That summer, Taylor’s face became a fixture of Louisville’s Injustice Square, as activists called it, and spread around the world on social media posts, T-shirts and magazine covers. The refrain “say her name” both called for justice for Taylor and drew attention to violence against Black women in a year marked by large-scale protests over police killings of Black Americans.

But over three and a half years later, no officers have been convicted in Taylor’s death. Cameron’s office convened a grand jury in 2020 that charged former detective Brett Hankison with endangering Taylor’s neighbors when he fired 10 bullets into a patio door and a window, three of which entered an adjacent apartment where a pregnant woman and her 5-year-old child lived. A jury acquitted Hankison on the charges in early 2022.

Cameron’s office didn’t bring charges against any other officers. In September 2020, Cameron said he believed Mattingly and detective Myles Cosgrove, who fired the shot that killed Taylor, were “justified” in returning fire and that charges against them couldn’t stand beyond a reasonable doubt at trial.

But in a highly unusual development, multiple former members of the grand jury came forward to criticize Cameron for not presenting the jury with the option of bringing manslaughter or homicide charges. They accused Cameron of misleading the public about what charges had been presented and using the jury “as a shield to deflect accountability and responsibility,” one juror said in a motion to have parts of the proceedings made public. Three jurors filed a petition with the state House to impeach him.

“They never gave us the opportunity to deliberate on anything but the charges for Hankison. That was it,” said one of the jurors, speaking anonymously to CBS News’ Gayle King. “There were several more charges that could have gone forward on all of those officers or at least the three shooters.”

In interviews on the campaign trail and in statements to the media, Cameron has called Taylor’s death “a tragedy” and defended his handling of the case, saying in 2022 he was “proud” of his office’s work. But that hasn’t done much to placate activists who are outraged by what they see as a lack of accountability and justice for Taylor’s death.

“There are a lot of folks in the Black community who are empowered around this governor’s race not because this governor has done so much for Black communities, but because there needs to be consequences for Cameron, the decision that he brought down,” Wallace said. “There is a continuing feeling that hasn’t been justice for Breonna, and that fight continues.”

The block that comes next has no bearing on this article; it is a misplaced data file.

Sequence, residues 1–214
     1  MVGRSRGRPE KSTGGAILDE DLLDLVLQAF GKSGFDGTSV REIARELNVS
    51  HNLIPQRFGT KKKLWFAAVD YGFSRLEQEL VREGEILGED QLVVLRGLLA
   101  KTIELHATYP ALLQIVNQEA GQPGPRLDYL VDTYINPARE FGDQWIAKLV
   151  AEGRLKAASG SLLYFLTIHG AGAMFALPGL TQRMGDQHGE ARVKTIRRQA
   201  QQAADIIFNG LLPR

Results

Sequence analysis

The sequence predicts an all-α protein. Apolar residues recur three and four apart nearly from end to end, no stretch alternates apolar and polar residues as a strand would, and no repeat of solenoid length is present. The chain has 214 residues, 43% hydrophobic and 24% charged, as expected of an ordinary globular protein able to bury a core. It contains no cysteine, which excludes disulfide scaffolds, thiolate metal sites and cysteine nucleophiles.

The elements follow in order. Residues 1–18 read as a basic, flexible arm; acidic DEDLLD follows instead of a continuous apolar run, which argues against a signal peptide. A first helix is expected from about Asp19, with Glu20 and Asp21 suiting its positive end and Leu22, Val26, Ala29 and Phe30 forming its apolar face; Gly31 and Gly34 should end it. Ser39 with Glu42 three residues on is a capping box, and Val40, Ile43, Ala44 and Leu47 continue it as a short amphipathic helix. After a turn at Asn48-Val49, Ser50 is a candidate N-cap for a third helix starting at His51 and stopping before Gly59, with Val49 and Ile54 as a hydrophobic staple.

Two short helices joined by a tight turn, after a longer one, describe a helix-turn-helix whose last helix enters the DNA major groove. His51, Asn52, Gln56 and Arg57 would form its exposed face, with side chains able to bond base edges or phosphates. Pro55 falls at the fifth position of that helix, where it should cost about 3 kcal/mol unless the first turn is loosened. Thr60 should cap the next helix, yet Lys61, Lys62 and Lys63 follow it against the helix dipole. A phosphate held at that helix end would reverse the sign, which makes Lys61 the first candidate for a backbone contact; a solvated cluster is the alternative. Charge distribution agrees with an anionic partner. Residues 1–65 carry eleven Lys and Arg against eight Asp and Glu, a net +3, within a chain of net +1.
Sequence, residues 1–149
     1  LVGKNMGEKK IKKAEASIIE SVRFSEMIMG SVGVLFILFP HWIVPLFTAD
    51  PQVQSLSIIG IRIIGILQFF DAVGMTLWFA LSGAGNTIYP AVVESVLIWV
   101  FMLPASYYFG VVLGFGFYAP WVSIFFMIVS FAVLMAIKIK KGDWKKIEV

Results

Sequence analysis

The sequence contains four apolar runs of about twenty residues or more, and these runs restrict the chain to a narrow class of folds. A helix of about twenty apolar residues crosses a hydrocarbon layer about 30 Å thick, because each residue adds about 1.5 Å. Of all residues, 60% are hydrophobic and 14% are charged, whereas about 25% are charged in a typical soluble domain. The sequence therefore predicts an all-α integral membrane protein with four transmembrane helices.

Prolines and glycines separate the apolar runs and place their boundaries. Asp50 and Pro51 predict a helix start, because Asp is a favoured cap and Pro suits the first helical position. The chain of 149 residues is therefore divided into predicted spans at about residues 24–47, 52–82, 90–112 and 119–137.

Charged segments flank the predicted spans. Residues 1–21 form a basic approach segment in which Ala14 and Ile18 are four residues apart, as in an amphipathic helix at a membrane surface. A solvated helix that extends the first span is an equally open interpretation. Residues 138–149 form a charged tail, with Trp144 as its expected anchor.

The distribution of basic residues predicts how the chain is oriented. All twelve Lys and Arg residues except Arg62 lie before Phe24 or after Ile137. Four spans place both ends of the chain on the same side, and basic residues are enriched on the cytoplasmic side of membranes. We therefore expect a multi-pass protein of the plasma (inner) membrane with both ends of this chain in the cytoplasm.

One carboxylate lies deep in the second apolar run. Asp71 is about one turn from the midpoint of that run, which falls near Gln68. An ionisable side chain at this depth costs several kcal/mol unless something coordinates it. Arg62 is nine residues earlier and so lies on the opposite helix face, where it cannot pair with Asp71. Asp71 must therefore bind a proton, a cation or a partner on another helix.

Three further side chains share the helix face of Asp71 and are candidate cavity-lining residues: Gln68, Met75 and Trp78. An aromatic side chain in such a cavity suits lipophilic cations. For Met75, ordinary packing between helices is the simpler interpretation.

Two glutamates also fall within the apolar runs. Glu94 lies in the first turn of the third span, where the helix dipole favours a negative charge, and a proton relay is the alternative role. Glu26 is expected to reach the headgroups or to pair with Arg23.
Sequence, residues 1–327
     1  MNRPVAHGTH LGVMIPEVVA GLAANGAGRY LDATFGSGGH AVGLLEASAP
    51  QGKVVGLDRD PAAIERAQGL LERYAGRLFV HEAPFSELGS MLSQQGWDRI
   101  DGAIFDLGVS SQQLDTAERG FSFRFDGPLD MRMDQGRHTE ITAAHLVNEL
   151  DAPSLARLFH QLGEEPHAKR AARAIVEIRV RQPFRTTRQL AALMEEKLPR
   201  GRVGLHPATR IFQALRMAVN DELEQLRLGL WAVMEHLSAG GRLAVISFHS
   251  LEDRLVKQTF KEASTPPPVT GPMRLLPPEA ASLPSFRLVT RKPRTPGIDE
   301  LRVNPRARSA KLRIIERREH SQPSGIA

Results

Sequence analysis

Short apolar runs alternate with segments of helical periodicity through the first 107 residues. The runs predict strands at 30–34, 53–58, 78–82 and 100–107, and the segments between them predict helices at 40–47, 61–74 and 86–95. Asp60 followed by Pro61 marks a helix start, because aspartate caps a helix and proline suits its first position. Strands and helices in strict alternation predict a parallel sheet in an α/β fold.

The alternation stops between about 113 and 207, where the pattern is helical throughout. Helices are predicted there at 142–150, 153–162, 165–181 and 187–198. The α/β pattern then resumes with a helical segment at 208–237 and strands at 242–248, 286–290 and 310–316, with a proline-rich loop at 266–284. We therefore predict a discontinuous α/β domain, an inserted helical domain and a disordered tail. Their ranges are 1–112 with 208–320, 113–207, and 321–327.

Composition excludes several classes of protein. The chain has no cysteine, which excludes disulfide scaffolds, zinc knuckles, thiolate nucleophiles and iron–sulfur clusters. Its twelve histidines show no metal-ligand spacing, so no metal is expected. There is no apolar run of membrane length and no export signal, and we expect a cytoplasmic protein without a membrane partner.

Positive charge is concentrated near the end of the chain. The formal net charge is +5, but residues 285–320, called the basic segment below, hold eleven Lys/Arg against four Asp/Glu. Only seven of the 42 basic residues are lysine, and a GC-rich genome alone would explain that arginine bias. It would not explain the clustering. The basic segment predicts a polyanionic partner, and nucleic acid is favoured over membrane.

In a scathing 90-page report released in March, the federal Department of Justice said the “forcible and violent entry” into Taylor’s home “strikes at the heart of the constitutional protection against unreasonable government intrusion.”

“Even the people who would never come down to Injustice Square agree that more could have been done in the Breonna Taylor case,” Parrish-Wright said. “That damning DOJ report solidified what we already knew. I think that could really hurt him at the polls.”

In addition to the civil investigation into the LMPD’s practices, federal prosecutors also brought federal civil rights charges against Hankison for excessive and unconstitutional use of force during the raid. Hankison pleaded not guilty, and his trial is set to begin Monday.

The DOJ, unlike Cameron, zeroed in on the botched planning and flawed affidavit that led police to Taylor’s apartment and brought charges against three officers who weren’t at the scene but were critical to the raid.

A former LMPD detective, Kelly Goodlett, pleaded guilty in August 2022 to including false and misleading information on the affidavit used to obtain the warrant and conspiring with former detective Joshua Jaynes to cover it up after the fact. The DOJ also charged Jaynes and former Sgt. Kyle Meany with violating Taylor’s civil rights by falsifying information on the affidavit; both pleaded not guilty.

The DOJ report found the LMPD “routinely” fails to show probable cause in its applications for search warrants and conducts searches based on invalid pretenses. The Louisville Courier-Journal reported that, in the case that led to Taylor’s killing, Judge Mary Shaw approved all five search warrants Jaynes applied for in a span of 12 minutes.